12/05/08 — Wood ducks offer easy waterfowling

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Wood ducks offer easy waterfowling

By Mike Marsh
Published in Sports on December 5, 2008 1:46 PM

Of all the birds in the world, the wood duck may be the most beautiful. While some may argue the title for an exotic species such as the peacock, even diehard birders would agree the wood duck is the most beautiful of all ducks.

Such beauty in plumage seems an anomaly since the secretive "squealer" duck hides in the densest of swamps and flooded timberlands. But the reds, purples, oranges and yellows of his bill, feathers, feet and eyelids are starkly contrasted by snowy white. The many colors give perfect camouflage to the little drakes as they go about their business of chasing the drab colored hens for mating or dabbing for acorns that have fallen into the water.

A controversy raged for many years between wildlife managers and hunters over the status of the wood duck. Unlike many other ducks, which stage in huge numbers so they are easy to count, wood ducks stick to the swamps and occur in smaller groups so their numbers are difficult to gauge.

Banding studies have helped along with anecdotal and some other scientific observations. Biologists conclude that this year, for the first time, the general hunting season bag limit for wood ducks would be three birds per hunter per day rather than two.

Early seasons in the past, typically a few days during the first week in October in North Carolina, had sometimes allowed a take of the regular bag limit for ducks and I remember taking four or five wood ducks a day during those seasons years ago. These seasons ostensibly allowed a take of abundant southern wood ducks but protected northern wood ducks whose numbers have never been quite so high.

Nevertheless, this-pre-migration bag limit was curtailed under pressure from northern hunters and biologists.

There is no doubt that the three-bird bag limit will increase hunting pressure on wood ducks, especially since this year diving duck bag limits have declined. Canvasback ducks are no longer legal and the early season bag limit for scaup is one duck. Black ducks may not be taken until late in the season. These reduced limits on other ducks are added incentives for hunters to take more of the tastier, and easier to hunt, wood duck and will induce many hunters to stick closer to home.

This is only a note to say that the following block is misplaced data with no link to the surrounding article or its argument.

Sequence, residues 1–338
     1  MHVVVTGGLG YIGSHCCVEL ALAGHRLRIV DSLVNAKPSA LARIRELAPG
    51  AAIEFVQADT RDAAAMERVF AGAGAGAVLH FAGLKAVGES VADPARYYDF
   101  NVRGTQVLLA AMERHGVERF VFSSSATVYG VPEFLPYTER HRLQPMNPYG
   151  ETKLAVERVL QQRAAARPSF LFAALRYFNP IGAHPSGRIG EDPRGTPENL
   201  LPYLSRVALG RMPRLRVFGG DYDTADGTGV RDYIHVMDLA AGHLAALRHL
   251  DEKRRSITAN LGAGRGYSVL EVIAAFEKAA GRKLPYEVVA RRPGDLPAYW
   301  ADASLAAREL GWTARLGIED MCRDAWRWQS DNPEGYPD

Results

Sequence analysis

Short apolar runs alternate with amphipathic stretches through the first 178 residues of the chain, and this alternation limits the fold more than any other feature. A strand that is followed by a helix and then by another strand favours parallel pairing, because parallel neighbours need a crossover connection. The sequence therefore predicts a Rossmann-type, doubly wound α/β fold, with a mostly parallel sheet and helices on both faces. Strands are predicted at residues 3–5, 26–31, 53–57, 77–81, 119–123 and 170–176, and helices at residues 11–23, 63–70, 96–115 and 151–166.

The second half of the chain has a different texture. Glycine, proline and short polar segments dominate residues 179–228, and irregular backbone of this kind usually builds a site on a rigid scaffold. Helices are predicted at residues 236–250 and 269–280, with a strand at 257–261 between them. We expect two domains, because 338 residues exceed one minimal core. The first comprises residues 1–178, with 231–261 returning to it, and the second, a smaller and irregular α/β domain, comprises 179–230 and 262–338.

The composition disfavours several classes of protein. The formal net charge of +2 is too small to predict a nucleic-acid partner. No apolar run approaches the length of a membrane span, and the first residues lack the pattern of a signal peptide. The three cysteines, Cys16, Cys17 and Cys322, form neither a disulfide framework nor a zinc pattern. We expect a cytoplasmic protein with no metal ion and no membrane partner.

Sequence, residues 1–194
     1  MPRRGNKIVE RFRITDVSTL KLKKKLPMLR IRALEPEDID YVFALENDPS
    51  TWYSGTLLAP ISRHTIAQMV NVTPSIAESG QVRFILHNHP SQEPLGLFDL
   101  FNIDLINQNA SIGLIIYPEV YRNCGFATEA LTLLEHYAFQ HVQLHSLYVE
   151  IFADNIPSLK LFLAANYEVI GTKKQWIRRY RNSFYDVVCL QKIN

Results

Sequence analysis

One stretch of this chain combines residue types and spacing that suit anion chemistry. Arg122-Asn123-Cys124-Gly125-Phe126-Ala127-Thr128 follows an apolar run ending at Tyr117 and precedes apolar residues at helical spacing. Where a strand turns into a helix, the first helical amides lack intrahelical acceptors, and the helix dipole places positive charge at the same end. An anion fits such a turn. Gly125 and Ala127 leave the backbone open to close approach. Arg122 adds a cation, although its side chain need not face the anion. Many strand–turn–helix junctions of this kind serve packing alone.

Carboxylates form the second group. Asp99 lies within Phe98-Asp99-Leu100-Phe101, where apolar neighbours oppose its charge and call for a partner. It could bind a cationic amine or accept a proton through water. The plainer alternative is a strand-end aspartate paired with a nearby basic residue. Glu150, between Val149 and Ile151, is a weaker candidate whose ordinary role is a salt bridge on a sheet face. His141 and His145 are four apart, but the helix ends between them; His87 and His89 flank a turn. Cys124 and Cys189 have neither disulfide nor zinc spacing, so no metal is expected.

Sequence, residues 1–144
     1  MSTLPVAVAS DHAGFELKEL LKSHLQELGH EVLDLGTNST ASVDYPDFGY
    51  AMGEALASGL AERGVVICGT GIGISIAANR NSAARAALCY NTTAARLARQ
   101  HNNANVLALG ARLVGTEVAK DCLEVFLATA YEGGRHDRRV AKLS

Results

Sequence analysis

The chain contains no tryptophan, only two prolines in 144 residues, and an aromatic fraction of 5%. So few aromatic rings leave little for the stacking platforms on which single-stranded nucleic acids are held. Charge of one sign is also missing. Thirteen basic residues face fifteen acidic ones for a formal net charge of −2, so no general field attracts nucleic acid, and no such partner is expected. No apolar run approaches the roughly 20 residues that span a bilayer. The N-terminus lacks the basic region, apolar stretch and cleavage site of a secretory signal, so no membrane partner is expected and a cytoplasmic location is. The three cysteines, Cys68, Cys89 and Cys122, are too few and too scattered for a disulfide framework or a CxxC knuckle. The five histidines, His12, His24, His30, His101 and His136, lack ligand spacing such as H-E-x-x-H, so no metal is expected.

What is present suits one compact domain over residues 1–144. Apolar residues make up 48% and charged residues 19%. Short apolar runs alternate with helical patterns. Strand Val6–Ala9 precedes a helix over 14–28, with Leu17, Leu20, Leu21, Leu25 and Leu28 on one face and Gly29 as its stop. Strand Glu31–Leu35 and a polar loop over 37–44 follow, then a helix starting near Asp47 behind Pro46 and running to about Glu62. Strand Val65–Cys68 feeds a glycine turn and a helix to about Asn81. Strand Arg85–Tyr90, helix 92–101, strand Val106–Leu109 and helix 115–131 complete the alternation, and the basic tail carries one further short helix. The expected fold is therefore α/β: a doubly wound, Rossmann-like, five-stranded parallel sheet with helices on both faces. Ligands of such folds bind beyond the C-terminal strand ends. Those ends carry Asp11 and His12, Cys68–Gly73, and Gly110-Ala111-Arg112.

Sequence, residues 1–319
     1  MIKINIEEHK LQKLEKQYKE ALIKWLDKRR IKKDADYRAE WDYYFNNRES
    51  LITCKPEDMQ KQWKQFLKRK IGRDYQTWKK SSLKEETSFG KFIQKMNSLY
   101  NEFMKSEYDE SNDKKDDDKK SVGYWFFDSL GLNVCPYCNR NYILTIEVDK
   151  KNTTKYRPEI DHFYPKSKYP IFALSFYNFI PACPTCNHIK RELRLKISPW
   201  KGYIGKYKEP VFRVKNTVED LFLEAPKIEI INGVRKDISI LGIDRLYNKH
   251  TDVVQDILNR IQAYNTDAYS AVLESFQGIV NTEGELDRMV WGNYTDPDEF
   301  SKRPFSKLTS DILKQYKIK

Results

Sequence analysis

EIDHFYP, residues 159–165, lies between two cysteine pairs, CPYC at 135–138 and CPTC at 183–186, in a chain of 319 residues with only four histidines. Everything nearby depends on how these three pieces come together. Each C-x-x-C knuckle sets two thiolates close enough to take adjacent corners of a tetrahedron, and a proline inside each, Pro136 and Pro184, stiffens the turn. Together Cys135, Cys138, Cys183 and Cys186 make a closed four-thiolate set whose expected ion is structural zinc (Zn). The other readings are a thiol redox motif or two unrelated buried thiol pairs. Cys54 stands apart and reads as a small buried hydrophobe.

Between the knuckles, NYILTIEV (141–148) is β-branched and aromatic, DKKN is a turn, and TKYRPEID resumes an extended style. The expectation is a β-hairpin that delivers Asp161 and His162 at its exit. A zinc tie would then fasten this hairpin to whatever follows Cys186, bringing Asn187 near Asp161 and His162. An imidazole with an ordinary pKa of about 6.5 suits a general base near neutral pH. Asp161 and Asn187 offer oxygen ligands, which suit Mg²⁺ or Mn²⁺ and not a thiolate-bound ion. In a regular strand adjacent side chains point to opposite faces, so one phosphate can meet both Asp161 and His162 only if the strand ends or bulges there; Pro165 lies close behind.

The wood duck, once close to extinction, is now the ultimate backyard waterfowl. They nest in tree cavities that can be a mile from water. They feed in water an inch deep. They nest in wood duck boxes erected in the smallest farm pond or the largest reservoir.

The wood duck is therefore available to hunters in every county of the state and require no long migration on the part of the hunter to find big water and set huge decoy spreads with the aid of a boat. All he must do is drive, or walk, to the nearest woodland stream or beaver pond and he can have the makings of one of the fastest shoots on the planet.

Wood ducks feed in small groups, which are family groups early in the season and consisting of a few males competing over a female's reproductive potential the latter parts of the season. While this social order is what occurs during the day, at night wood ducks are among the most gregarious of all waterfowl.

A wood duck roost at dawn is one of the noisiest congregations in all of nature. Dozens of hens squealing to rally their flocks raise the hairs on the nape on any hunter's neck and make the staunchest of retrievers whine in anticipation of the flight. The drake's buzzing calls are difficult for an older hunter with too many magnum waterfowl loads shot over his head to hear very far. But they add to the conversations and flapping of wings as ducks stretch to great the dawn before heading out en masse.

The exodus is amazing, with a few ducks taking flight tantalizingly before legal shooting hours at one-half hour before dawn. Seeing the early departures only heightens the pace of a hunter's heartbeat, until the zero hour arrives.

The shooting is over as suddenly as it begins, with the roost emptied of overnight lodgers within five minutes. If the hunter is able to control his shaking, his shooting is true, and his dog remains steady to wing and shot, three gorgeous little drakes will go home for dinner, providing the finest eating of any waterfowl.